Bankwest’s IT department has in parallel to the ABW adoption been pursuing an agile development process. The mixing of the two strategies has generated both benefits and minor challenges. On the one hand, the IT department initially found it difficult to conduct the daily scrum common in agile teams and continue using the same wall to physically display their ideas as they had prior to ABW, which typically demands non-assigned desks and spaces. However, the IT department has succeeded in obtaining an exception for this one daily task. More importantly though, the IT department employees now interact much more regularly, widely and closely with a variety of colleagues in IT and from all parts of the business, thus accelerating efforts to align IT with business goals.

One other initial challenge the team faced was in locating their staff across the 13 floors of Bankwest Place as they have the flexibility to sit where they like on any given day. To overcome this challenge, Bankwest developed an internal application called “Locate myColleague”. The app is being used to speed up collaboration and bring people together, not to revert to the “bums on seats” management approach, which runs counter to the culture of trust, flexibility and outcomes-centred accountability that ABW strives for.

The Outcomes

In a post implementation review Bankwest’s own research on employee perceptions of the ABW environment found that:

  • 74% feel more positively about working for Bankwest

  • 91% enjoy freedom to choose their workspace

  • 84% prefer the new way of working

  • 82% are using less paper

This compares to results from parent company, CBA’s ABW post-implementation review which found:

  • 98% would not go back to old way of working

  • 67% of colleagues believed they are more effective, none felt less effective.

According to Bankwest’s representatives that contributed to this case study, the three things employees like most are:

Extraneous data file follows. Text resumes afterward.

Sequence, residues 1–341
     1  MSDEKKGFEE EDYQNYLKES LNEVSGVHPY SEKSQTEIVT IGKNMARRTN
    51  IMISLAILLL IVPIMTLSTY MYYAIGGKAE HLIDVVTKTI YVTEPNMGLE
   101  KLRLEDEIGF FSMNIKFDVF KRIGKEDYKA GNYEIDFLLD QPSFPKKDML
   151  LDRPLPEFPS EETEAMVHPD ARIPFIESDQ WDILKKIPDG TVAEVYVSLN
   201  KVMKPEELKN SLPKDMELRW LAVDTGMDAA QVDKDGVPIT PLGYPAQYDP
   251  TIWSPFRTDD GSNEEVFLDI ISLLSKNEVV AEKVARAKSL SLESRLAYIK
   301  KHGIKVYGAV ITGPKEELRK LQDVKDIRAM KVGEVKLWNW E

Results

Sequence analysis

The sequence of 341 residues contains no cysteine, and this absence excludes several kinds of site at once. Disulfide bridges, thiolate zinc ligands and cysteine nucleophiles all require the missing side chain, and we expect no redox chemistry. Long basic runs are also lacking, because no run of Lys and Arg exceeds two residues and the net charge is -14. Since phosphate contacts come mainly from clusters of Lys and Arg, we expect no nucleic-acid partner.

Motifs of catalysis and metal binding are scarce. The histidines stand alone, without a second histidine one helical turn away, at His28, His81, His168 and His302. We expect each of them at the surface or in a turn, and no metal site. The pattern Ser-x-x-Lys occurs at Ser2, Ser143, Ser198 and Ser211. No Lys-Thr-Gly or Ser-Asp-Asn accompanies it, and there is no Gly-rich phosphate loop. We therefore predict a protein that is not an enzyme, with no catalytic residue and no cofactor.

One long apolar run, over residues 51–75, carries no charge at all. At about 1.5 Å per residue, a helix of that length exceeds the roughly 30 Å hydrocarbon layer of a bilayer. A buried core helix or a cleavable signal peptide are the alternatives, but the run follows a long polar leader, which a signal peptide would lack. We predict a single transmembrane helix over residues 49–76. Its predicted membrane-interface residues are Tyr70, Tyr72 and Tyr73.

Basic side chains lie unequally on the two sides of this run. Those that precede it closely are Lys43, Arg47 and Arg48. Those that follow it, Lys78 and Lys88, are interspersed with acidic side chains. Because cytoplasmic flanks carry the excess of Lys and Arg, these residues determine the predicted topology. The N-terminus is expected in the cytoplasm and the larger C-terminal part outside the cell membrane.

• The collaboration areas – allow for informal meetings without having to book a room.

  • The variety of work settings available that cater for different types of activities.

  • The look and feel of the space – inspiring, clean, fresh and open

Bankwest Perceived Outcomes

The results in chart 1 show the level of contribution ABW makes to a common set of business goals on a scale of 1 to 10 (where 10 is an outstanding contribution, and 1 is a very low contribution) as estimated by Bankwest’s IT representative. Each business goal is listed below along with the score and reasoning where provided by Bankwest.

Cost Management Score = 8. On the operational expenditure side ABW is considered an exceptional contribution to achieving cost management goals. However the overall score reduces as ABW is a capex investment – if moving into a new office. Bankwest could have built four floors less of Bankwest Place but chose, instead to reinvest the savings.

Growth Score = 8. ABW is estimated to be increasing productivity and engagement between employees and also with clients which is expected to drive revenue growth. Collaboration and agile development approaches are driving new ways of working.

Risk Management Score =7. Compliance is considered easier with a digital environment as is data and systems security.

Talent Management Score = 9. Bankwest believes there is no other office like Bankwest Place in Perth and thus contributes greatly to its talent management goals.

Corporate Social Responsibility (CSR) Score = 10. The Bankwest ABW environment consumes less power, less paper and less waste.

Customer Engagement Score = 7. Bankwest believes it has happier colleagues leading to happier customers and also more word-of-mouth promotion of the company’s ABW site.

Productivity Score = 10. Bankwest believes the introduction of ABW has allowed employees to better focus on the activity at hand and create higher quality results.

Innovation Score = 10. Greater collaboration between employees, and particularly the IT department and general workers, is considered to be contributing greatly to innovation.

The Next Steps for Bankwest

Bankwest is only 12 months into its ABW journey but is now looking at more deeply embracing a customer centric business model and supporting this with agile development processes. Additionally they are now evaluating a bring your own device (BYOD) policy and will upgrade their standard desktop operating environment to Windows 8 from XP.


For Technology and Service Buyers:

If you are considering or piloting ABW consider broadening your focus from the real estate conversation to the bigger value picture, especially around the potential for improvements in process and practice, and culture and people as this is where the real competitive advantage will come from.

Start collecting as many data points as you can now (beyond employee satisfaction and floor space to employee ratios) and build this into the workplace culture to ensure you have an accurate data set to inform future decisions and investments

Focus on embedding continually refreshed ABW goals into employee and senior leadership KPIs to ensure ongoing improvements are made and reversion risks are mitigated. This may require a revisit of organisation-wide goals and metrics used by a team of representative stakeholders